Federal appeals panel reinstates inmate’s First Amendment claims
A federal appeals panel unanimously reinstated the civil rights
lawsuit of a Pennsylvania inmate who alleged he was placed in administrative
segregation in retaliation for suing prison officials.
Michael Malik Allah, a Muslim inmate, had filed at least two civil
rights lawsuits against prison officials for violating both his free-exercise
of religion and free-speech rights.
After his suits were filed, Allah was transferred to another prison
and placed in administrative segregation, or what inmates refer to as “the
Allah sued in federal court, contending that the prison officials’
actions denied him meaningful access to the courts and constituted unlawful
retaliation. Both the access-to-the-court and retaliation claims assert that
Allah’s First Amendment rights were violated.
After a federal district court dismissed his suit in 1997, Allah
appealed to the 3rd U.S. Circuit Court of Appeals.
The district court dismissed his claims based on its reading of the
Supreme Court’s 1995 decision in Sandlin v.
Connor. In Sandlin,
the high court ruled that prison officials did not violate the due-process
rights of an inmate when they sentenced him to disciplinary segregation.
The district court interpreted the Sandlin ruling as invalidating any claim that
resulted from placing an inmate in administrative segregation.
On Sept. 28, a three-judge panel of the 3rd Circuit unanimously
reinstated Allah’s claims in Allah v.
Seiverling. The appeals court noted that the Supreme Court in
Sandlin made clear that its decision
only impacted due-process claims. The appeals court cited the following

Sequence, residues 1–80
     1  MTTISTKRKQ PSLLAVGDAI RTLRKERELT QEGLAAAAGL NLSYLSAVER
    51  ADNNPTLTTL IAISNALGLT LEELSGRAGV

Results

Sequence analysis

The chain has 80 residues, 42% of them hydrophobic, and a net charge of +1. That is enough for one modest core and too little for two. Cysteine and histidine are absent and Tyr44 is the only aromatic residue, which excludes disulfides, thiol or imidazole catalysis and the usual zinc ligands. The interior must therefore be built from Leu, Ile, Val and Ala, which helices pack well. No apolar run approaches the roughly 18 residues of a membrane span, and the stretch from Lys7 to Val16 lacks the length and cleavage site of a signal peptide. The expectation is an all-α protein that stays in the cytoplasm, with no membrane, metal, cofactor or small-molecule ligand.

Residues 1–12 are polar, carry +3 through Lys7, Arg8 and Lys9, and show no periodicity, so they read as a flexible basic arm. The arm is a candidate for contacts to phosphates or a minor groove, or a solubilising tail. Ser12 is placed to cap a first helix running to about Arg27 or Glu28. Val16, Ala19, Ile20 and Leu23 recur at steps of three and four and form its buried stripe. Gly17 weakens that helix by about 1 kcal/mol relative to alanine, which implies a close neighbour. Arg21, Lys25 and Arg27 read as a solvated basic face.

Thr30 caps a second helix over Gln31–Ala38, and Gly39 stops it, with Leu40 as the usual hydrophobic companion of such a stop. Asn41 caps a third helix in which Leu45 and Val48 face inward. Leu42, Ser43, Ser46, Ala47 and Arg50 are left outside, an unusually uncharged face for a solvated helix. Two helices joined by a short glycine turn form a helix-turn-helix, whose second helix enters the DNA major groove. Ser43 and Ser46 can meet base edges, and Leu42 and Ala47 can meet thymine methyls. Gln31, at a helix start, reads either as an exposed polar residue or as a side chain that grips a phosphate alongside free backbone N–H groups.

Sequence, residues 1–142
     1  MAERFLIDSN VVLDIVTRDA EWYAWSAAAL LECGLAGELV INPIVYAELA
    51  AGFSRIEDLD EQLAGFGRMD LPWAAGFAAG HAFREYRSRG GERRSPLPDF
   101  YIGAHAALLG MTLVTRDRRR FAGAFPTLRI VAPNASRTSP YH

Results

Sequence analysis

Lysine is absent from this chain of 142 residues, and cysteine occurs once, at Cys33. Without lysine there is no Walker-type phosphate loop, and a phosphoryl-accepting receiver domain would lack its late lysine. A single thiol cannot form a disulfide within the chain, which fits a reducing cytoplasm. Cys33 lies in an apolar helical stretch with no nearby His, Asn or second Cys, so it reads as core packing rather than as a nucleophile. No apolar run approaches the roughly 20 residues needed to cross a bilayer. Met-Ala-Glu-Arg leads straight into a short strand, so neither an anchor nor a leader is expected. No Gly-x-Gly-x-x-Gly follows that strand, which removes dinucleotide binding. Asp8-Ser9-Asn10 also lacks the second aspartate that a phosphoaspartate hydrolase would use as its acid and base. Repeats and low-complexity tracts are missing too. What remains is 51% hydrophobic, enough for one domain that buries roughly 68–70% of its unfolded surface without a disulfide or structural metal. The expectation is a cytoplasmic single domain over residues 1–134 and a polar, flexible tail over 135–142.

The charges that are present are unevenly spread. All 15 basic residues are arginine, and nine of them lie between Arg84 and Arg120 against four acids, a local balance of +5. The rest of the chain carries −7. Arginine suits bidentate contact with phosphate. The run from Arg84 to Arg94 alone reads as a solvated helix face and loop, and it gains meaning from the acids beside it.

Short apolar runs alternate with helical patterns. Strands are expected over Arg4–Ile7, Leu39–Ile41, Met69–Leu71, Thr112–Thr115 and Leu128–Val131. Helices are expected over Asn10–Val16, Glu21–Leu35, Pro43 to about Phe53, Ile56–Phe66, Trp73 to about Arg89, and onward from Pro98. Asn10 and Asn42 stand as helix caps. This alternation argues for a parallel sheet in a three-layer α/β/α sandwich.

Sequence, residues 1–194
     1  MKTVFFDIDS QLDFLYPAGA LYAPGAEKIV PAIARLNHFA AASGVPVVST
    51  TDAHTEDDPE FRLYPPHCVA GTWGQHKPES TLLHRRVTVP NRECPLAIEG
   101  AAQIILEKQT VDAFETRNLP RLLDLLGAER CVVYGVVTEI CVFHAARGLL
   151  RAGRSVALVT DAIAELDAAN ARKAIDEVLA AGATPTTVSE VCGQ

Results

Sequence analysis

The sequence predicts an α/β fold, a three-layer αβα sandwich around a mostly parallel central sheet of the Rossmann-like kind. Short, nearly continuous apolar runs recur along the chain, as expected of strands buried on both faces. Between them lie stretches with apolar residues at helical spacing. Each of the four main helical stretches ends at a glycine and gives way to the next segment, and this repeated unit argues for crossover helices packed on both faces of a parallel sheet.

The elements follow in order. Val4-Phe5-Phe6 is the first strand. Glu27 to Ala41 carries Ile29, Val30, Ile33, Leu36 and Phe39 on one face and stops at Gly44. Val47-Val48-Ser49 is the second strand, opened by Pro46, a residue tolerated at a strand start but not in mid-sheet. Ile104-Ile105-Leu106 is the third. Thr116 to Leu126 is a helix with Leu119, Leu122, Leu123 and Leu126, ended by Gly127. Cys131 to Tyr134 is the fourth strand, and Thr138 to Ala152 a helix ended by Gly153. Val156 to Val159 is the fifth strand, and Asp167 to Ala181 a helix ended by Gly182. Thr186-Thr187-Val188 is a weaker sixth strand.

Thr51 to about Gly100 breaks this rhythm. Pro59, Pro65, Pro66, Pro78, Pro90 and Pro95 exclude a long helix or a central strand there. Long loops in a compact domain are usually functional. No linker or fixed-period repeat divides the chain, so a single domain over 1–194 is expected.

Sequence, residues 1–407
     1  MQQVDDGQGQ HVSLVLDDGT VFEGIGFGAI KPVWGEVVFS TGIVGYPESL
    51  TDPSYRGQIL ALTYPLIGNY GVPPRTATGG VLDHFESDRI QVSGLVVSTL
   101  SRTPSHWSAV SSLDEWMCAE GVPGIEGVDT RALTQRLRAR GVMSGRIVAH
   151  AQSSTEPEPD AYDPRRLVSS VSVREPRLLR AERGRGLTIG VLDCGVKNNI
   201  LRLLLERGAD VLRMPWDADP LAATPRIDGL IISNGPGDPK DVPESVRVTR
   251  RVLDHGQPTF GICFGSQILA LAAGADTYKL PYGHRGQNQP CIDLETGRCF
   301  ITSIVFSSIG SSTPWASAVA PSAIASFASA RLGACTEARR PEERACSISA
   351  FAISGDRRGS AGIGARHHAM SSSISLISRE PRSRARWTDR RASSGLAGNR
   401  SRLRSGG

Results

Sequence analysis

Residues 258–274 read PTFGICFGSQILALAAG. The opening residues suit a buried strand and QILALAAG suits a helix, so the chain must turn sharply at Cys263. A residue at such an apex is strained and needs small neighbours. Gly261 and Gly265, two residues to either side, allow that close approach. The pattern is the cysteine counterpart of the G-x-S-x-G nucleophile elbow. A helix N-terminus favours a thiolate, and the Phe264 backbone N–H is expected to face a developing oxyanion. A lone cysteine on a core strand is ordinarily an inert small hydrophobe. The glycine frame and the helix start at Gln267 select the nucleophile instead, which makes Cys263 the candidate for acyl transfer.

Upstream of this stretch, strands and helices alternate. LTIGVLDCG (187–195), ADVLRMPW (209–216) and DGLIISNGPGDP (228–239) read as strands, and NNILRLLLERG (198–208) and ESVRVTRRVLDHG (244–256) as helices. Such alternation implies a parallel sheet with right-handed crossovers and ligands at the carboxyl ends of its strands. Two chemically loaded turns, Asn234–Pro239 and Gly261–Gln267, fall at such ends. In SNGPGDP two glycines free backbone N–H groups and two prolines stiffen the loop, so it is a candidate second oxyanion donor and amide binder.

language from Sandlin:
“Prisoners … , of course, retain other protection from arbitrary
state action even within the expected conditions of confinement. They may
invoke the First and Eighth Amendments and the Equal Protection Clause of the
Fourteenth Amendment where appropriate and may draw upon internal prison
grievance procedures and state judicial review where available.”
The 3rd Circuit panel concluded that “Allah’s claim alleging denial of
his constitutional right to meaningful access to the courts is not foreclosed
The appeals court panel also determined that Allah’s retaliation claim
was not invalidated by the Sandlin
decision. “Retaliation may be actionable, however, even when the retaliatory
action does not involve a liberty interest,” the panel wrote.
Joseph T. Lukens, Allah’s attorney, said the decision was significant
“because it stands for the broad constitutional principle that prison officials
cannot punish prisoners for accessing the courts to protect their civil
Calls to the attorney for the prison officials were not returned.